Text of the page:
14. Small intestine motility development in newborn mammals.

    PubMed

    Woliński, Jarosław; Słupecka-Ziemilska, Monika; Boryczka, Maria; Grzesiak, Paulina; Kwiatkowski, Jakub; Kotarba, Grzegorz

    2016-01-01

    Since the beginning of the 20th century, researchers have been working to improve the understanding of gastrointestinal motility. The first major discovery was the observation of a migrating myoelectric complex that turned out to be a universal occurrence among vertebrates. Further inquires resulted in a detailed description of its development during different stages of ontogeny. Some time before that, a cornerstone had been laid for a breakthrough that would come years later. That cornerstone came in the form of interstitial cells of Cajal whose true role could not be discerned until the discovery of a CD117 receptor - their main marker. With the ability to precisely mark interstitial cells of Cajal, a wave of subsequent new experiments and observations connected them to the occurrence of slow waves and allowed an understanding of the mechanism responsible for their generation. Some of these findings suggested that Cajal cells might have a role in the development of several motility disorders thus opening an avenue of research that requires the usage of both traditional and advanced diagnostic methods.

  15. Melt inclusions: Chapter 6

    USGS Publications Warehouse

    ,; Lowenstern, J. B.

    2014-01-01

    Melt inclusions are small droplets of silicate melt that are trapped in minerals during their growth in a magma. Once formed, they commonly retain much of their initial composition (with some exceptions) unless they are re-opened at some later stage. Melt inclusions thus offer several key advantages over whole rock samples: (i) they record pristine concentrations of volatiles and metals that are usually lost during magma solidification and degassing, (ii) they are snapshots in time whereas whole rocks are the time-integrated end products, thus allowing a more detailed, time-resolved view into magmatic processes (iii) they are largely unaffected by subsolidus alteration. Due to these characteristics, melt inclusions are an ideal tool to study the evolution of mineralized magma systems. This chapter first discusses general aspects of melt inclusions formation and methods for their investigation, before reviewing studies performed on mineralized magma systems.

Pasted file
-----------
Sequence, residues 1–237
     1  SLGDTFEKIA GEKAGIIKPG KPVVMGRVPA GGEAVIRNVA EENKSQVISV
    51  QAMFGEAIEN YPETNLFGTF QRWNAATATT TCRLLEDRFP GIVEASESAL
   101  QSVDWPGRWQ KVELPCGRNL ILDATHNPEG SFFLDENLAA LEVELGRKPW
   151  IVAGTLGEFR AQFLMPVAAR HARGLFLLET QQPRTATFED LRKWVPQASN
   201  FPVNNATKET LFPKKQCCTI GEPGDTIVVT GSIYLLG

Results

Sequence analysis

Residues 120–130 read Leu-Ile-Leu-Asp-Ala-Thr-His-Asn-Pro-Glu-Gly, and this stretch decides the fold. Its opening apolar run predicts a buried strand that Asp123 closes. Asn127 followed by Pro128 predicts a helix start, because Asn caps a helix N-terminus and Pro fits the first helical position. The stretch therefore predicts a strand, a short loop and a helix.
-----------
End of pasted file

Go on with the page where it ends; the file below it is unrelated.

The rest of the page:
16. Mechanics model for actin-based motility.

    PubMed

    Lin, Yuan

    2009-02-01

    We present here a mechanics model for the force generation by actin polymerization. The possible adhesions between the actin filaments and the load surface, as well as the nucleation and capping of filament tips, are included in this model on top of the well-known elastic Brownian ratchet formulation. A closed form solution is provided from which the force-velocity relationship, summarizing the mechanics of polymerization, can be drawn. Model predictions on the velocity of moving beads driven by actin polymerization are consistent with experiment observations. This model also seems capable of explaining the enhanced actin-based motility of Listeria monocytogenes and beads by the presence of Vasodilator-stimulated phosphoprotein, as observed in recent experiments.